Major New Survey Says Canadians Remain Positive Towards Immigration

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A major new survey has found that Canadians continue to buck the global trend with a positive attitude towards immigrants and immigration.

The Environics Institute poll, released on April 29, 2019, made the following discoveries:

  1. Most Canadians disagree there is too much immigration in Canada.
  2. Most Canadians agree immigrants have a positive impact on the economy.
  3. Most Canadians disagree immigration increases the level of crime in Canada.
  4. More Canadians believe immigrants make Canada a better place.
  5. Canadians are divided on whether immigrants adopt Canadian values.

Environics said: “Overall, Canadians’ views about immigrants and refugees have held remarkably steady since last fall, and in a few cases have become more positive.

It added: “… as has been the case most of the past two decades, positive sentiments outweigh negative ones on such questions as the overall level of immigration, its positive impact on the economy, its low impact on crime rates, and the impact on the country as a whole.”

The survey also sought to gauge how important Canadians consider immigration among the issues they face today.

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With politicians trying to make the topic an important battleground ahead of the upcoming federal election, it seems Canadians do not see it as that important.

Just three per cent of Canadians consider immigration as Canada’s most important issue, in a list headed by the economy, poor government and the environment.

The survey saw the Environics Institute conduct telephone interviews with 2,000 Canadians between April 1 and April 10, 2019.

Overall, 59 per cent of Canadians disagree that there is too much immigration in Canada, up one from the when the survey was last conducted in October 2018.

Some 35 per cent, meanwhile, believe there is too much immigration.

Positive views on immigration were strongest in Atlantic Canada, British Columbia, among those aged 18 to 29 and among those with a university degree.

More than three quarters of respondents (77 per cent) agreed immigrant have a positive impact on the Canadian economy, up one on October 2018.

Meanwhile, 17 per cent disagreed with this statement.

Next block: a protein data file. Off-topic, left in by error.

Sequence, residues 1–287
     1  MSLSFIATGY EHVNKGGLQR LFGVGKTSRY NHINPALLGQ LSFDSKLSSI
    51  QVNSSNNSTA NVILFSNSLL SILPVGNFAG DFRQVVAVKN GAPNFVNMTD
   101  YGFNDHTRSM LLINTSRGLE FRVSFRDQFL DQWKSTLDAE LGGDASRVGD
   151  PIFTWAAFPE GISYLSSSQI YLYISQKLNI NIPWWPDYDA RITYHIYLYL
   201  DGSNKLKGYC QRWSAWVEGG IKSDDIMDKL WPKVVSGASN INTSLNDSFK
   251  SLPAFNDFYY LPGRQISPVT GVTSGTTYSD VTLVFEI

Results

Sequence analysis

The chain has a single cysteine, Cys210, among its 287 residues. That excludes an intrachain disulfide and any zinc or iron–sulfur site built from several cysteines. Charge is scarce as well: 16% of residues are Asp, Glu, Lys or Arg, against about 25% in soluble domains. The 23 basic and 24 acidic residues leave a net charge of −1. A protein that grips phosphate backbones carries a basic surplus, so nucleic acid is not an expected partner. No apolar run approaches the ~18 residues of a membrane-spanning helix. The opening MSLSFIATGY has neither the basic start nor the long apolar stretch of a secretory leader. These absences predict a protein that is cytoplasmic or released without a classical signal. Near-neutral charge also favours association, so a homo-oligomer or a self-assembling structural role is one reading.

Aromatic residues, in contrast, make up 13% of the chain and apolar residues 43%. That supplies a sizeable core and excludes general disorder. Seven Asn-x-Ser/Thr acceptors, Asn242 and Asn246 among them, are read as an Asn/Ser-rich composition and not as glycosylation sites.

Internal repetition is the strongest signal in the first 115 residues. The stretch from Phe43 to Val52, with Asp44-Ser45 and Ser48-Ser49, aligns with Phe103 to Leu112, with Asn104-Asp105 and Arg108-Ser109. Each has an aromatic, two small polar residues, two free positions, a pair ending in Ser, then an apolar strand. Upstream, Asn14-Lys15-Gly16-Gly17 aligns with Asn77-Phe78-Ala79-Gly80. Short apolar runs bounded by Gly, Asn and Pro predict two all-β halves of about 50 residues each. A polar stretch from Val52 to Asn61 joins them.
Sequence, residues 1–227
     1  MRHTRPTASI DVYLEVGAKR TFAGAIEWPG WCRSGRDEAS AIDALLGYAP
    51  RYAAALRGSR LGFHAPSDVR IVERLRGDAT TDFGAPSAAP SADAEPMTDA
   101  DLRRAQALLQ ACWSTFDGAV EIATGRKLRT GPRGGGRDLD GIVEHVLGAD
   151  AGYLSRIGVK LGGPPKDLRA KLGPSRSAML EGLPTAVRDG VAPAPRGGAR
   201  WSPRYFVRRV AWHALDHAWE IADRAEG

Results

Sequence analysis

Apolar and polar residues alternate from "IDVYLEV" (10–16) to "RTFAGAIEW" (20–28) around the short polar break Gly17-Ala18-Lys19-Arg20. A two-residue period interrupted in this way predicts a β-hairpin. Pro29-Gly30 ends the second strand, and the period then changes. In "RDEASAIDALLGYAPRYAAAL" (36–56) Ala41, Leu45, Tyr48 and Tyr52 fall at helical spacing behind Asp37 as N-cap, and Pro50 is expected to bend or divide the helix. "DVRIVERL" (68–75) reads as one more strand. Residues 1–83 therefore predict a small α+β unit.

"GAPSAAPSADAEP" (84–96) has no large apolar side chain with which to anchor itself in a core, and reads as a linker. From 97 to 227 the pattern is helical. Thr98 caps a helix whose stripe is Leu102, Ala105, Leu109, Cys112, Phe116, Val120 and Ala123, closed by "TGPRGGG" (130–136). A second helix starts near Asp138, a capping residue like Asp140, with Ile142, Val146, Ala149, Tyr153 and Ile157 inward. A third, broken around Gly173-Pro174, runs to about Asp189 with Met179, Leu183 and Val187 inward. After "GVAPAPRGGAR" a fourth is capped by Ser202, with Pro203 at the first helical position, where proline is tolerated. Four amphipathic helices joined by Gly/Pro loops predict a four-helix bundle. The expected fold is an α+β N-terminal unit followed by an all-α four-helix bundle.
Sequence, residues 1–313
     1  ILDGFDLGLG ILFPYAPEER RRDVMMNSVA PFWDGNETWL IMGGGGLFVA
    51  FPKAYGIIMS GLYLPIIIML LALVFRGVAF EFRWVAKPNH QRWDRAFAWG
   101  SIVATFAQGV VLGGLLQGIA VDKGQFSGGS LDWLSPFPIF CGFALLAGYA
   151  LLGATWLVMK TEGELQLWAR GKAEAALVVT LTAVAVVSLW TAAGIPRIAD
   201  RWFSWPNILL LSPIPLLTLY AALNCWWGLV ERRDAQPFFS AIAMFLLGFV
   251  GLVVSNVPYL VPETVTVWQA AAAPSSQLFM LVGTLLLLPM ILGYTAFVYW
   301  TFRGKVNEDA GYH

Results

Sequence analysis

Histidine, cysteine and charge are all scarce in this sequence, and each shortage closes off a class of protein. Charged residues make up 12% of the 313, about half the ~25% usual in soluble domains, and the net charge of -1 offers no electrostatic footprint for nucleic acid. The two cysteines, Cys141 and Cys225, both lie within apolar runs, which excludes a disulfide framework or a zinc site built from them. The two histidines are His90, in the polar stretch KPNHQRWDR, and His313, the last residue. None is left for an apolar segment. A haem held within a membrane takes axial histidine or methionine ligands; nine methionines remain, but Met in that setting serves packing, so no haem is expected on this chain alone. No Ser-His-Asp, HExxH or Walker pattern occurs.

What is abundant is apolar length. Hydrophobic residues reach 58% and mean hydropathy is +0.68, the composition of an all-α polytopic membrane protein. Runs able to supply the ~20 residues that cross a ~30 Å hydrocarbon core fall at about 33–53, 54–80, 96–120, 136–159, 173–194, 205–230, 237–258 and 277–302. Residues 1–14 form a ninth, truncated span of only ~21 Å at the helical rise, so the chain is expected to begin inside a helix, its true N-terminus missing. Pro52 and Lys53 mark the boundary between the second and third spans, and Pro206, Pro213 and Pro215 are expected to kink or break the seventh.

Positive views were strongest in Ontario and Alberta, among younger Canadians, and those with higher levels of education and income.

Canadians also strongly rejected the statement that immigration increases the level of crime in Canada.

Only 21 per cent agree with the statement, down five points since the survey conducted in fall 2016 and at the lowest level since 1989.

Meanwhile, 71 per cent disagreed with the statement.

Considering the overall impact of immigrants on Canada, 44 per cent said they believed immigrants were making Canada a batter place, a result unchanged since the previous survey.

Just 15 per cent, meanwhile, said immigrants were making Canada a worse place.

Canadians were divided on whether too many immigrants come into the country and do not adopt Canadian values.

More than half (51 per cent) agreed with this statement, down one point on the October 2018 survey.

Meanwhile, 42 per cent disagreed with the statement, an increase of one percentage point on the previous survey.

Views on the statement have remained little changed since 2016.

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Colin Singer
Colin Singer is an international acclaimed Canadian immigration lawyer and founder of featured on Wikipedia. Colin Singer is also founding director of the Canadian Citizenship & Immigration Resource Center (CCIRC) Inc. He served as an Associate Editor of ‘Immigration Law Reporter’, the pre-eminent immigration law publication in Canada. He previously served as an executive member of the Canadian Bar Association’s Quebec and National Immigration Law Sections and is currently a member of the Canadian Chapter of the American Immigration Lawyers Association. Colin has twice appeared as an expert witness before Canada’s House of Commons Standing Committee on Citizenship and Immigration. He is frequently recognized as a recommended authority at national conferences sponsored by government and non-government organizations on matters affecting Canada’s immigration and human resource industries. Since 2009, Colin has been a Governor of the Quebec Bar Foundation a non-profit organization committed to the advancement of the profession, and became a lifetime member in 2018.